Staffordshire council is in the process of setting up Independent Futures, which will provide assessments and brokerage for people of all ages with learning disabilities or autism and those under 18 with a physical or sensory impairment. The service is designed to provide more seamless care for disabled people through the allocation of a single key worker to people and their families, who would work with those with lifelong conditions through childhood into adulthood.
The council also believes Independent Futures will help promote independence for disabled people, reduce bureaucracy and avoid crisis management through the provision of lifelong support planning. It is also designed to improve support to people who do not meet eligibility criteria, who, it is claimed, would receive better signposting to universal services.
While it is initially being launched as an in-house service, the council is considering whether it should be outsourced in future, either as a new social enterprise run in part by staff and service users or through sale to a private company. The council set up a company in the name of Independent Futures Staffordshire Limited last year so that a structure is in place to externalise it should that be decided. A consultation will be launched later in the year on how the service should be developed.
Unison’s Staffordshire council branch said it backed the aims of Independent Futures but was concerned about the consequences of the service being externalised. “Our members believe in the overriding principles of Independent Futures, the provision of quality, consistent social care as part of an all-age service, without the traditional split of adults’/children’s services, however members remain concerned at the overhanging threat of potential externalisation at some future point, which could mean social care being provided from a number of routes which would not be directly accountable to the community,” said branch secretary Steve Elsey.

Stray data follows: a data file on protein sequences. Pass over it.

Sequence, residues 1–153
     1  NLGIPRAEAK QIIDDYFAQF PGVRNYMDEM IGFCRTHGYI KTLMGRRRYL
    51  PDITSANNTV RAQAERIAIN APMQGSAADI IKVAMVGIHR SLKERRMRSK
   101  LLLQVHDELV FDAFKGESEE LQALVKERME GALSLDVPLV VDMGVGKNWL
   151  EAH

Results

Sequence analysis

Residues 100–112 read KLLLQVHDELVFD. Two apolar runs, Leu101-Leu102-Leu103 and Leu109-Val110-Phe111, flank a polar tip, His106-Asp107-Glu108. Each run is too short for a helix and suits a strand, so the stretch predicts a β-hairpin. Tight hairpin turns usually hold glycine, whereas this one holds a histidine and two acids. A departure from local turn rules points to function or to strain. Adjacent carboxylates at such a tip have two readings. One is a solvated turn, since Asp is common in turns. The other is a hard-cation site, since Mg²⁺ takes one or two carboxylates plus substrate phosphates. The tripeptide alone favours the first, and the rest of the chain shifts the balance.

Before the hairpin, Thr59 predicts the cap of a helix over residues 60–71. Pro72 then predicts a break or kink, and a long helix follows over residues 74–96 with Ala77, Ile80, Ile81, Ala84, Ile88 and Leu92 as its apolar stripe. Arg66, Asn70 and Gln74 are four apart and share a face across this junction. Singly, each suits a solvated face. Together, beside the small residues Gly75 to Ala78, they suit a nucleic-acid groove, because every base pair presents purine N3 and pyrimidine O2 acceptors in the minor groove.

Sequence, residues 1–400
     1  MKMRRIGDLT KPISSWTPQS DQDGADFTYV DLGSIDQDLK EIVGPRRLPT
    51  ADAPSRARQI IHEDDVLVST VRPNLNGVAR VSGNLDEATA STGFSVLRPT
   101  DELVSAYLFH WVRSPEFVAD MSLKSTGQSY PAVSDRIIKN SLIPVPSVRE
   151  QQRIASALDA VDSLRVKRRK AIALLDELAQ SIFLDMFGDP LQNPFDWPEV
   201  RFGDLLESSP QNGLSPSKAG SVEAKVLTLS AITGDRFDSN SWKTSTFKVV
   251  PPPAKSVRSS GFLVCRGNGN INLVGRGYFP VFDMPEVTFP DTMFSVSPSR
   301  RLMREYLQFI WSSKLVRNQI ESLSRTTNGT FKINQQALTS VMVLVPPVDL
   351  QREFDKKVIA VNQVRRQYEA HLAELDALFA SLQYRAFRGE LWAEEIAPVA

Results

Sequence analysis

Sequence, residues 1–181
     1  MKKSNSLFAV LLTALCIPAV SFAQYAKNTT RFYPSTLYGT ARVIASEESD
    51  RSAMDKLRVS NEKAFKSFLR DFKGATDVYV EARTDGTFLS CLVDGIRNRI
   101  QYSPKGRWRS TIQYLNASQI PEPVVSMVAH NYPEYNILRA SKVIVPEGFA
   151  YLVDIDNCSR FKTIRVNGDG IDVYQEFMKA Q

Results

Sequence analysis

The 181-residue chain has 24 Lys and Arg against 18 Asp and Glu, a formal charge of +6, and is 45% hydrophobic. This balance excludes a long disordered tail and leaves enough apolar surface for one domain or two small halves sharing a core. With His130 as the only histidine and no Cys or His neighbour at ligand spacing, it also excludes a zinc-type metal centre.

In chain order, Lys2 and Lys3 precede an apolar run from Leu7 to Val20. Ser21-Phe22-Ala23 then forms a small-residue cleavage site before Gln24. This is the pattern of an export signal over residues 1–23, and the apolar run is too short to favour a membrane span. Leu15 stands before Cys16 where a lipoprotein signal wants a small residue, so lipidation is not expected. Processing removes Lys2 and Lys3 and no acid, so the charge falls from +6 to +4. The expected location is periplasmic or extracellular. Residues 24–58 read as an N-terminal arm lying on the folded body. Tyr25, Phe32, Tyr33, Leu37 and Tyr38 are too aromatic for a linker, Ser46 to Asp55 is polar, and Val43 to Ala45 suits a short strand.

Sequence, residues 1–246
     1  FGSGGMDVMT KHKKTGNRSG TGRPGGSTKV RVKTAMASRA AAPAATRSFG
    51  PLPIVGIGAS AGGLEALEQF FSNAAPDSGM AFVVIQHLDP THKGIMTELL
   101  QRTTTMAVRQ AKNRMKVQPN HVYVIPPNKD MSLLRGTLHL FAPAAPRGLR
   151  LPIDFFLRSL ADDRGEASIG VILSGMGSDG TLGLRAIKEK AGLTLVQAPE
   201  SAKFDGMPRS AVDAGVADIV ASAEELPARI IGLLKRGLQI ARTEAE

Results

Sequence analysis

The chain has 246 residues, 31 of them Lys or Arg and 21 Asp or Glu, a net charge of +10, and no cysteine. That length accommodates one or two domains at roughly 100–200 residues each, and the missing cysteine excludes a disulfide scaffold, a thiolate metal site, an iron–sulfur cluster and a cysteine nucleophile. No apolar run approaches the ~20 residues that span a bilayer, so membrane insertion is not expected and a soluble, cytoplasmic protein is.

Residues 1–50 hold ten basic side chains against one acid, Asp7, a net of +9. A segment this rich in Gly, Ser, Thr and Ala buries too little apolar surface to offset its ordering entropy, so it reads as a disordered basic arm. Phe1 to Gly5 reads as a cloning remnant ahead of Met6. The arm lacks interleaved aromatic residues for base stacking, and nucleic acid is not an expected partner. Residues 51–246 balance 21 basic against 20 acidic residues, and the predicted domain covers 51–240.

Dave Dennison, a retired local government consultant whose daughter has learning disabilities and receives services from the council, said he also shared the objectives of Independent Futures but said these would be put at risk by externalising the service rather than retaining it in-house. He warned that externalisation would weaken the accountability of the service to local residents, while a social enterprise would struggle to manage the administrative and staffing costs of the service more cheaply than the council, which can benefit from economies of scale.
While councils were used to managing contracts with private providers of direct care services, this model had not been applied to “such a sensitive task as learning disability assessments”. Any such company would have significant negotiating advantages over the council in the event that the contract needed to be negotiated, because the council would not have an alternative provider available to deliver its statutory obligations, warned Dennison. “The lines of accountability for the assessment service are well-established and clear whilst it remains part of the county council. This clarity is lost in any scenario in which the organisation is externalised,” he added.
Source: Community Care
21st August 2013